The Chapter 13 plan is the crux of a Chapter 13 bankruptcy case. The plan lays out how much each creditor will get paid, how long the plan will last, the values of the debtor's property, and more. The plan must be confirmed by the bankruptcy court in order for the case to proceed. The bankruptcy trustee and creditors can object to various aspects of the plan.
Below you'll find articles on what debts must be paid through the plan, how much you'll have to pay each month, what happens at the plan confirmation hearing, and your options if you can't complete your plan.
Learn which debts you must pay back when you file for Chapter 13 bankruptcy.
In Chapter 13 Bankruptcy, your repayment plan must be confirmed before it is permanent. Here's how the confirmation hearing works.
Debts That Must Be Paid in Chapter 13 Bankruptcy
Payments on retirement account loans are allowable expenses in Chapter 13 bankruptcy.
"Best Effort" Requirement in Chapter 13 Bankruptcy: Disposable Income Test
In order to be confirmed (approved) by the court, your Chapter 13 repayment plan must represent your "best effort" at paying back your nonpriority unsecured creditors.
Unsecured Debt in Chapter 13: How Much Must You Pay?
How much you must pay to your general unsecured creditors in Chapter 13 bankruptcy depends on your disposable income and the "best interest of creditors" test.
How Long Will My Chapter 13 Plan Last?
In Chapter 13 bankruptcy you must propose and then stick with a repayment plan that repays some creditors in full and others in part (sometimes pennies on the dollar).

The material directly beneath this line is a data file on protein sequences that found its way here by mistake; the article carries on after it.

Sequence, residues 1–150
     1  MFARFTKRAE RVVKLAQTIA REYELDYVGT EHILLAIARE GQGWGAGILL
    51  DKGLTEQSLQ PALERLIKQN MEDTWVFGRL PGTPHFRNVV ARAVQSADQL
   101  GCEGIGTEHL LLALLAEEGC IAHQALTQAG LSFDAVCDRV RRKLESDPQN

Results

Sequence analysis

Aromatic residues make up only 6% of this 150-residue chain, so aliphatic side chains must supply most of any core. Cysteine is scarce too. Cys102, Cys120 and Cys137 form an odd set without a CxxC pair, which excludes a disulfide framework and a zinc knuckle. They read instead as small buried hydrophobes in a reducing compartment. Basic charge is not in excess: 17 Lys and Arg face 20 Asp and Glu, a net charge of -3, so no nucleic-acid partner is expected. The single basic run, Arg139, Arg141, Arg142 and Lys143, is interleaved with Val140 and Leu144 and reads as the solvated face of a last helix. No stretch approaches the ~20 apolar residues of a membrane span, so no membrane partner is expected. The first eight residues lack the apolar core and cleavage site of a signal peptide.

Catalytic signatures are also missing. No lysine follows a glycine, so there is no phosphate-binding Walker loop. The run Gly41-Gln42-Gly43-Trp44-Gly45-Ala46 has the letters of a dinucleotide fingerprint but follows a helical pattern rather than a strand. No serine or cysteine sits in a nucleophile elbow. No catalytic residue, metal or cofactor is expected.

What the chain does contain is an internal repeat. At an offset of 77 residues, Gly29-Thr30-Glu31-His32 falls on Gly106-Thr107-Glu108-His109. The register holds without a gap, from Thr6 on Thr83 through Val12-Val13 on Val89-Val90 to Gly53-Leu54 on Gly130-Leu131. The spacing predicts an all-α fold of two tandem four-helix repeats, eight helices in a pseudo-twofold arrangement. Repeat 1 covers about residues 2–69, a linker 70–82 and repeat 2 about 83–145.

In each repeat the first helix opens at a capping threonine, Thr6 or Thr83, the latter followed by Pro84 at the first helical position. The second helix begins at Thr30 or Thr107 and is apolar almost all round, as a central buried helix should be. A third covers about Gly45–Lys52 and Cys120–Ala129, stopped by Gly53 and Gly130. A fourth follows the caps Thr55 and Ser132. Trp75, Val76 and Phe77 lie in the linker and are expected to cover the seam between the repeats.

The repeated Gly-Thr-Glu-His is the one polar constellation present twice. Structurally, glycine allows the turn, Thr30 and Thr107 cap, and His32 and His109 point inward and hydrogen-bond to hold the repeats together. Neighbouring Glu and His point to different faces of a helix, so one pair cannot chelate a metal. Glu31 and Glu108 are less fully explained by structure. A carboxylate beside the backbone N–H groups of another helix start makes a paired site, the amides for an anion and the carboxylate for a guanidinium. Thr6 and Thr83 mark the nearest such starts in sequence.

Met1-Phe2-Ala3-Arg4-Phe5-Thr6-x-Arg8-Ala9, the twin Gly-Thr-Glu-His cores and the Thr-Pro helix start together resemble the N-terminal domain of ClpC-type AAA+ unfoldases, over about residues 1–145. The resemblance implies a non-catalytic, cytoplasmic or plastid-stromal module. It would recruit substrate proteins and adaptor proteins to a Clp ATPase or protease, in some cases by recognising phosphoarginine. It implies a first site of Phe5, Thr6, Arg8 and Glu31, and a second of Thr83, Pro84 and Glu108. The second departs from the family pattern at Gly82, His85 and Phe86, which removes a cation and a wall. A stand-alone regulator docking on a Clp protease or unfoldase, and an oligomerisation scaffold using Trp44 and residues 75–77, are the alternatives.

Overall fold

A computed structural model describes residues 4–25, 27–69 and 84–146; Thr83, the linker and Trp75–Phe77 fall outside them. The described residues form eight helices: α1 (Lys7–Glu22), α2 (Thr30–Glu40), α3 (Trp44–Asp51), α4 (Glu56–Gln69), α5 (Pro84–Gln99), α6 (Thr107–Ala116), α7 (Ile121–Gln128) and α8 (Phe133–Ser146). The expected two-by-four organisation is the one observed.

Inheritances and Cash Gifts in Chapter 13 Bankruptcy
If you receive an inheritance or cash gift while in Chapter 13 bankruptcy you may be required to amend your repayment plan and increase what you pay to unsecured creditors.
Can I Pay Off My Chapter 13 Bankruptcy Plan Early?
In most Chapter 13 bankruptcy cases, you cannot finish your Chapter 13 plan early unless you pay creditors in full.
View More Articles
Options if You Can't Make Your Chapter 13 Plan Payments
Here’s what you can do if you can’t make your Chapter 13 plan payments or you need to suspend your payments for a few months.
Getting a Chapter 13 Hardship Discharge
If you cannot complete your Chapter 13 repayment plan, you can file a motion with the bankruptcy court asking for a hardship discharge.
Converting Your Bankruptcy Case From Chapter 13 to Chapter 7
In cases where you can no longer maintain your Chapter 13 bankruptcy plan payments, your case can be converted to a Chapter 7 and your debts discharged.
Modifying Your Chapter 13 Plan Payment
You usually must remain in a Chapter 13 bankruptcy plan for at least three to five years before you can receive a discharge. However, if you can no longer afford your Chapter 13 plan payments, all is not lost.
What Happens to Chapter 13 Plan Funds—and Other Property—if I Convert to Chapter 7 Bankruptcy?
In Chapter 13 bankruptcy, you make regular payments to a trustee, who then disburses the funds to your creditors.
View More Articles
Can I Make 401(k) Contributions During My Chapter 13 Bankruptcy?
Whether you can make 401(k) or other voluntary retirement contributions during Chapter 13 bankruptcy depends on your bankruptcy court and your individual situation.
How a Chapter 13 Bankruptcy Zero Percent Plan Can Save Your Home and Car
Instead of filing for Chapter 7 bankruptcy, save your home and car—and wipe out other bills—by filing a Chapter 13 zero percent plan.
Chapter 13 Bankruptcy: Keep Your Property & Repay Debts Over Time
This comprehensive guide explains the Chapter 13 process, from start to finish.
The New Bankruptcy: Will It Work for You?
Is bankruptcy the right solution for your overwhelming debts? Pick the best strategies for your situation with the information and practical suggestions in this book by best-selling author Stephen Elias.